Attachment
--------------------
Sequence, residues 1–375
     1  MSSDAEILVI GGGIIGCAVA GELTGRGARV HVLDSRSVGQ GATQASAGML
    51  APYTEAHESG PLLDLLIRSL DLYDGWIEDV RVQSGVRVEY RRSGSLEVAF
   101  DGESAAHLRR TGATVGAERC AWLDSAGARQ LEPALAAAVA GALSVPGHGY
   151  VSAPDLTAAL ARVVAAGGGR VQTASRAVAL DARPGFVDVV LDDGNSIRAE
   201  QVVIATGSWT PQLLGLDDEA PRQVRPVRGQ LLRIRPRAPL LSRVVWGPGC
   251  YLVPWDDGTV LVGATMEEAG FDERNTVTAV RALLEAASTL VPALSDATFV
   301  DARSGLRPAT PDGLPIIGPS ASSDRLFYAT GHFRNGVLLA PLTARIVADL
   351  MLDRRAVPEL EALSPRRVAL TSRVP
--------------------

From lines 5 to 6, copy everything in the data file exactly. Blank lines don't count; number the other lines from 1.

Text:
   151  VSAPDLTAAL ARVVAAGGGR VQTASRAVAL DARPGFVDVV LDDGNSIRAE
   201  QVVIATGSWT PQLLGLDDEA PRQVRPVRGQ LLRIRPRAPL LSRVVWGPGC